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Samkhya (सांख्य), also referred to as Sankhya, Sāṃkhya, or Sāṅkhya, is a Sanskrit word that, depending on the context, means “to reckon, count, enumerate, calculate, deliberate, reason, reasoning by numeric enumeration, relating to number, rational.”

samkhya.53204611_stdIn the context of ancient Indian philosophies, Samkhya refers to the philosophical school in Hinduism based on systematic enumeration and rational examination.

Samkhya is a way of understanding the universe through the principles of subtle energies
and their interactions defined in ancient text called “Bhagavad Purana”, which is related to the
understanding of shakti (power) and shaktiman (powerful).
The most notable proponent of Sankhya or Samkhya philosophy was Kapila, one of the
greatest enlightened rishis.
The word Sankhya comes from san and khya. San means truth. Khya means to realize, to
know, to understand. Sankhya is a philosophy to discover and understand the Truth of Life.
Kapila discerned 24 principles in the manifestation of the Universe.
It is regarded as one of the oldest philosophical systems in India
Based on the Upanishads, two schools of philosophy developed in India: (1) The realistic
(e.g. Samkhya) (2) The idealistic (e.g.Vedanta).
The Samkhya philosophy combines the basic doctrines of Samkhya and Yoga. However
it should be remembered that the Samkhya represents the theory and Yoga represents the
application or the practical aspects.
The word Samkhya is based upon the Sanskrit word samkhya which means ‘number’.
The school specifies the number and nature of the ultimate constituents of the universe and
thereby imparts knowledge of reality. In fact, the term Samkhya also means perfect knowledge.
Hence it is a system of perfect knowledge.
The Samkhya philosophy systematically deciphers every part of our being, from the
lowest level of mortal existence to the highest level of eternal consciousness and spirit. The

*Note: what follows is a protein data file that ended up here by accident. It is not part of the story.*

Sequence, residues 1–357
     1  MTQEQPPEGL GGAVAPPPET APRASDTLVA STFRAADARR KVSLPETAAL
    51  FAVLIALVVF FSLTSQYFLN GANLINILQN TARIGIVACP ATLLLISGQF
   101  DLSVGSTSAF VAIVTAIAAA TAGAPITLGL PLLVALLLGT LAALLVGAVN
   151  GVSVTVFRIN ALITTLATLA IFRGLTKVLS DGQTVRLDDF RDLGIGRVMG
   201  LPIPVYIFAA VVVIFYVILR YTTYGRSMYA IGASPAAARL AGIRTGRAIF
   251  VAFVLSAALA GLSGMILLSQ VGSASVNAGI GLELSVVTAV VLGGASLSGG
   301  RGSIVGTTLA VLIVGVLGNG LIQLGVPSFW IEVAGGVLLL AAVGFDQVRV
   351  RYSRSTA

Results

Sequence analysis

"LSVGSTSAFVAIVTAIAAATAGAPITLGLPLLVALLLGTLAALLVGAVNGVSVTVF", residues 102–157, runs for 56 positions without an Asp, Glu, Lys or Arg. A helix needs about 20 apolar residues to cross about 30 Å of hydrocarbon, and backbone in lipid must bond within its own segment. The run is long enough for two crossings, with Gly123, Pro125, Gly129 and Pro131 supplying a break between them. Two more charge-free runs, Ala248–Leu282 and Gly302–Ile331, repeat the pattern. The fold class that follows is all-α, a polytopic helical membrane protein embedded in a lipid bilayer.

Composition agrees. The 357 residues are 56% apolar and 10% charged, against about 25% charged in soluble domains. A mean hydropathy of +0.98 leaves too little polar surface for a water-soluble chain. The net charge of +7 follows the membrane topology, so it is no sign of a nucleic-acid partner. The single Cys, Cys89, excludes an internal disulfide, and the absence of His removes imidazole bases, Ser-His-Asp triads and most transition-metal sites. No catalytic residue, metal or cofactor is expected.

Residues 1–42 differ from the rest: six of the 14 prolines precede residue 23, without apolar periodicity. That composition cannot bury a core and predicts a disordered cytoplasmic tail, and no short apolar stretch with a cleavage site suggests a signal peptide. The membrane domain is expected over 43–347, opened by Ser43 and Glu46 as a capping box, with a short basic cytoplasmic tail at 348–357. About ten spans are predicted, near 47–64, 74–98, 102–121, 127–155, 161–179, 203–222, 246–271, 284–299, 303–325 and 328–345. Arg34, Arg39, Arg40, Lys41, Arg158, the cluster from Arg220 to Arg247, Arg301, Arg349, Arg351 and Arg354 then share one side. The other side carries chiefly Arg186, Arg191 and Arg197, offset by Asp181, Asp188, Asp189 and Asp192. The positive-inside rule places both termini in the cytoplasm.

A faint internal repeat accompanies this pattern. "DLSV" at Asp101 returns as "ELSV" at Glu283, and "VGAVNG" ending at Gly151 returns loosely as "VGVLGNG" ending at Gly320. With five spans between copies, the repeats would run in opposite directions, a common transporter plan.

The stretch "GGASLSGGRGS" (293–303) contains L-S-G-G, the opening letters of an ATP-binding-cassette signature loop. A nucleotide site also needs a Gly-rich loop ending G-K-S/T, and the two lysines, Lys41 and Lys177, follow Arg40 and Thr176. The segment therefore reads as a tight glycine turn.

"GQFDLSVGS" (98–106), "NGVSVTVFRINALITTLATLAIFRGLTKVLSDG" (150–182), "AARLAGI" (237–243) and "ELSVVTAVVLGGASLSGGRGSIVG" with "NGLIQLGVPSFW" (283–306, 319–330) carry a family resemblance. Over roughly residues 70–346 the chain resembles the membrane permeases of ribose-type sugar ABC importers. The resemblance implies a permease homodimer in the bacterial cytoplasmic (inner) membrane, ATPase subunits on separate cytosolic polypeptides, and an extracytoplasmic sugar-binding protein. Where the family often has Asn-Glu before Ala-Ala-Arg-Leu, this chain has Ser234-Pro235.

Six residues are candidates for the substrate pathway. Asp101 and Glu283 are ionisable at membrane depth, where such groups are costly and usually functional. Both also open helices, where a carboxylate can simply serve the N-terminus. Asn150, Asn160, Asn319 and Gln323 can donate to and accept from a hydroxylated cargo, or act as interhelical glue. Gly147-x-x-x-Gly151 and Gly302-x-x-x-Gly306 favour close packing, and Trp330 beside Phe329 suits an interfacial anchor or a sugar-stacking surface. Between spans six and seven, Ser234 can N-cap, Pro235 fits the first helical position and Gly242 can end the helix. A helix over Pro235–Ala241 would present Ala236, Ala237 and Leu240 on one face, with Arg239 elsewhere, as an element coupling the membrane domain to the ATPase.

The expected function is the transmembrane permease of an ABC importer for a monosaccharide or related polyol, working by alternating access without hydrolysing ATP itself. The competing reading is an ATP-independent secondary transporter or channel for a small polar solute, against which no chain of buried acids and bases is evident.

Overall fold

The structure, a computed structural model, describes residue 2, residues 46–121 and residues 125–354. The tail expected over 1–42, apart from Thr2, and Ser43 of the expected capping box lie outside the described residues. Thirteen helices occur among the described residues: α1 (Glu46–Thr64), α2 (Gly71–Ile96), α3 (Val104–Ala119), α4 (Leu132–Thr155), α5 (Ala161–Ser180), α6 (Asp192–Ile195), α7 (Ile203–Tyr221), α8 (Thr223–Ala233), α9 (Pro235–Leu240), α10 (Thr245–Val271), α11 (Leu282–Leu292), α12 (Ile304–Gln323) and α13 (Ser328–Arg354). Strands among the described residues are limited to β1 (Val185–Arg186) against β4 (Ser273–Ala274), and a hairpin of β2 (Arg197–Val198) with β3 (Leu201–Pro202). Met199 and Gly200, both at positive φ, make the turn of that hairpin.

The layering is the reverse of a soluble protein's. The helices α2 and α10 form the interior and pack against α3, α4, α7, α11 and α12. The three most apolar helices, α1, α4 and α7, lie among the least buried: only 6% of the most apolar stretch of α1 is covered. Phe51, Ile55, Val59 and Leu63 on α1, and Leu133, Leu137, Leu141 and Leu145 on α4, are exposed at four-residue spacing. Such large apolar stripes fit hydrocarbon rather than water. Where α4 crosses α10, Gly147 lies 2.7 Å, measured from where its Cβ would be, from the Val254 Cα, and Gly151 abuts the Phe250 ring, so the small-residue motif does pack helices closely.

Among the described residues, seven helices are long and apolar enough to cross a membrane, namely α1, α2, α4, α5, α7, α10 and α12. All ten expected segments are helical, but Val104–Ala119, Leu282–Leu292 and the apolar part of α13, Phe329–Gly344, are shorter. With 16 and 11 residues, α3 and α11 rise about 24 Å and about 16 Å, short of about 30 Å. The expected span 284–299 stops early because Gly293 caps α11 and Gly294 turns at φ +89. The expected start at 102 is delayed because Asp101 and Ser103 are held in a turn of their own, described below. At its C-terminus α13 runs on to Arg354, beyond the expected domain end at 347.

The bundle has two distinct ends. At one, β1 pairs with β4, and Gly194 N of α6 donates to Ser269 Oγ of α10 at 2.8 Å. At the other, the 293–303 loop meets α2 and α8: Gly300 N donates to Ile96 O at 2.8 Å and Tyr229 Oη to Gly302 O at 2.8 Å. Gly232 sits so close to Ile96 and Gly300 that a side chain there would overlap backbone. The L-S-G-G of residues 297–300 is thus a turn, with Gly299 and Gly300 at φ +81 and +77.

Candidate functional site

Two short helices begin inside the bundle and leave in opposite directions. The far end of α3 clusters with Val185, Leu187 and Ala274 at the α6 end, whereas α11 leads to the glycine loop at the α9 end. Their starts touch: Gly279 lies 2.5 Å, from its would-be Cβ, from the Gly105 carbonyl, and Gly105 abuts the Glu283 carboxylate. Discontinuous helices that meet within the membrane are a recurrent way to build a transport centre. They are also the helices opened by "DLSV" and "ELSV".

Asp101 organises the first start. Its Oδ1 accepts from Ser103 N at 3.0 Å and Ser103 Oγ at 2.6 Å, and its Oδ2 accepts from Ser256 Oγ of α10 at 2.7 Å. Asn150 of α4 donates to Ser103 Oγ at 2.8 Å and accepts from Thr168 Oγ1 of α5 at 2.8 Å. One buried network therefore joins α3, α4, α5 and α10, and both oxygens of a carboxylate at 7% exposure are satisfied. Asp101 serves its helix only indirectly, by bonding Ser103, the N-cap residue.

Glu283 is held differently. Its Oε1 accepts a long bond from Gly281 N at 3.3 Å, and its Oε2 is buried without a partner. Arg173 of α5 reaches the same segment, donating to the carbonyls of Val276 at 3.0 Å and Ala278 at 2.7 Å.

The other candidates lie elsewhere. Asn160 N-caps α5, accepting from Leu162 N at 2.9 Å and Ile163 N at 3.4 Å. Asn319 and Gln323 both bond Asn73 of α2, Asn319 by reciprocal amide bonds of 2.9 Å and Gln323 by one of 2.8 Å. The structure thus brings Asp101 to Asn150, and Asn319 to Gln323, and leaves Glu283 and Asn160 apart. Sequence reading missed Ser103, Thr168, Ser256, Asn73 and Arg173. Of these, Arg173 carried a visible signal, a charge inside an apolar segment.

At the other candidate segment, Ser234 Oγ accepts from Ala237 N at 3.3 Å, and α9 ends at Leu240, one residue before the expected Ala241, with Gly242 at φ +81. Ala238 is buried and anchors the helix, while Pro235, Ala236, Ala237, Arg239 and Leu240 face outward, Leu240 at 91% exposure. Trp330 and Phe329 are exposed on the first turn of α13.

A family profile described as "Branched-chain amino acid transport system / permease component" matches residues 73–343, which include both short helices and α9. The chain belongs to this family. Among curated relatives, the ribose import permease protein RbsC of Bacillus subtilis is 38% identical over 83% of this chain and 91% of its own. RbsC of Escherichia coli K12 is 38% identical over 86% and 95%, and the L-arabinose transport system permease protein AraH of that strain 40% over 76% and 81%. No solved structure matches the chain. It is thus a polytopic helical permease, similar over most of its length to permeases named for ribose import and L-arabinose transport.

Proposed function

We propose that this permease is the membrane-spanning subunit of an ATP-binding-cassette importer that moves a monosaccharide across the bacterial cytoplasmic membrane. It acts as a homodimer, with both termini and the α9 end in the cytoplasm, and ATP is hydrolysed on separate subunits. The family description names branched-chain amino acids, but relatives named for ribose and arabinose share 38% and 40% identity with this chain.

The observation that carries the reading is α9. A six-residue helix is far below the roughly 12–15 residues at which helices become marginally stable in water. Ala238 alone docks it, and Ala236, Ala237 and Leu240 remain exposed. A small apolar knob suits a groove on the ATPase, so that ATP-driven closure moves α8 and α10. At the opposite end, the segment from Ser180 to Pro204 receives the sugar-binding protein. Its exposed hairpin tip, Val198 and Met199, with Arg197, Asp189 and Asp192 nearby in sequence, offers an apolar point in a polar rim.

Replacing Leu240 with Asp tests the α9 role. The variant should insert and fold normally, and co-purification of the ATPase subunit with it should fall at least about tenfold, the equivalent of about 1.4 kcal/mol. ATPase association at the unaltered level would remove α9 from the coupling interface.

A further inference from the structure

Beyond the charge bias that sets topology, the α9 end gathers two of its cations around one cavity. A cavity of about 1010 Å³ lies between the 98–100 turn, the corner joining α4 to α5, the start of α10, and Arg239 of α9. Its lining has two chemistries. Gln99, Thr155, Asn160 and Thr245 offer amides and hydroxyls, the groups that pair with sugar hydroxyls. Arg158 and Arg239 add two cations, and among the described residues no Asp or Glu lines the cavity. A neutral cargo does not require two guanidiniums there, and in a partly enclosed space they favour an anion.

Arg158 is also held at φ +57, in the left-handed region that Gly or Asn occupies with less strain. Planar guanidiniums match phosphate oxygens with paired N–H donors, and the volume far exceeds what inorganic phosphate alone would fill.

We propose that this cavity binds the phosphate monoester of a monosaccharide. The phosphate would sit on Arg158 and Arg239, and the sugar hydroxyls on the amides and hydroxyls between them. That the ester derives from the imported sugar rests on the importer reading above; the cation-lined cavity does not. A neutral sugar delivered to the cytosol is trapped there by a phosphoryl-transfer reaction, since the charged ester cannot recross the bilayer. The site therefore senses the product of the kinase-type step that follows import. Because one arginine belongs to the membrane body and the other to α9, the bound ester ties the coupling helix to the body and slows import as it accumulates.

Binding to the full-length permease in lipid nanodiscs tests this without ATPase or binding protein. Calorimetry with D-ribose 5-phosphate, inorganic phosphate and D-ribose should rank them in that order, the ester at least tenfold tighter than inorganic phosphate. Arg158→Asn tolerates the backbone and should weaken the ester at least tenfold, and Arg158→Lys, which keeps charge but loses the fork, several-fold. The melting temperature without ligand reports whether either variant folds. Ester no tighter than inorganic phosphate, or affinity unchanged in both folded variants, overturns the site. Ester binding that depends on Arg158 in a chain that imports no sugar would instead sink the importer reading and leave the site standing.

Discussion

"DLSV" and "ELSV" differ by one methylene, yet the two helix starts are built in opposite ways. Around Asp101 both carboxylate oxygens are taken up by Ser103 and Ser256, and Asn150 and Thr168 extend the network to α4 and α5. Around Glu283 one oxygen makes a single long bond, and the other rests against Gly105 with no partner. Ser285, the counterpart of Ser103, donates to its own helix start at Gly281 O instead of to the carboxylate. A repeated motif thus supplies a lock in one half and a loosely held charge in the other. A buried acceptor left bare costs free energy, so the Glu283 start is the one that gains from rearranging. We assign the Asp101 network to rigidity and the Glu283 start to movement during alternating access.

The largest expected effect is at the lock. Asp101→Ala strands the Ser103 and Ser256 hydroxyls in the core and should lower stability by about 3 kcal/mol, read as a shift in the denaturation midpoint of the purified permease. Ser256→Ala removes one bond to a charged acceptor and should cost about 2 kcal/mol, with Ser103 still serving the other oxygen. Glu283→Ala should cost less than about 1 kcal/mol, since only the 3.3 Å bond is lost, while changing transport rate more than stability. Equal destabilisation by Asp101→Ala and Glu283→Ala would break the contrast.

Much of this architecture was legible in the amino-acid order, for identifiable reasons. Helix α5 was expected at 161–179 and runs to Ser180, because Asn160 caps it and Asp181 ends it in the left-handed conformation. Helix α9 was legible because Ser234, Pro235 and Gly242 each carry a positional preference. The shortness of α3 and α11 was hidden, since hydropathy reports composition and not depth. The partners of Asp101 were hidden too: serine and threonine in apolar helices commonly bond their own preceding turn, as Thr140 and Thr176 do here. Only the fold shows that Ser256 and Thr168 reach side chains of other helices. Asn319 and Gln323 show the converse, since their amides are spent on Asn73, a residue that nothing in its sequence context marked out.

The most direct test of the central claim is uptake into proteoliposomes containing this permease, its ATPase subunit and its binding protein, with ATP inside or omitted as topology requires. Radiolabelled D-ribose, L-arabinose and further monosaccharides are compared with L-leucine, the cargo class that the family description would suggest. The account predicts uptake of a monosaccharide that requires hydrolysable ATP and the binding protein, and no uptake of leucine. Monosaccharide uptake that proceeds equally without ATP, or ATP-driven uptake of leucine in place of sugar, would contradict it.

journey through Samkhya unfolds through three processes: reading (comprehending terminology
and philosophy), contemplation and meditation (understanding and feeling the philosophy), and
yoga practice (applying the philosophy so that our understanding results in authentic
Originally written in Sanskrit, Samkhya describes the full spectrum of human existence
by revealing the basic elements that make up the macrocosm and the microcosm. Samkhya
teaches us about the components of the body, mind, and spirit, from the gross elements that make
up the physical body to the more subtle elements of the mind and consciousness. Samkhya
names each element, teaches us its function, and shows us the relationship each element has to
all others. It is effectively a map of the human being.
Yoga takes the Samkhya philosophy into the realm of experience, through gradual and
systematic progression.
Samkhya is dualistic realism. It is dualistic because it advocates two ultimate realities:
Prakruti, matter and Purusha, self (spirit). Samkhya is realism as it considers that both matter
and spirit are equally real.
Pur means city. Sheta means dwelling, living, existing. Purusha is that purce
Consciousness that exists, lives, dewells in the city of the senses. The body is a city of
senses.Prusha is energy, and this energy is choiceless, passive awareness.
Prakruti cannot exist without Purusha. However, there can be Purusha without Prakruti.
Purusha is the energetic, the wielder of power. And, Prakrati is ENERGY.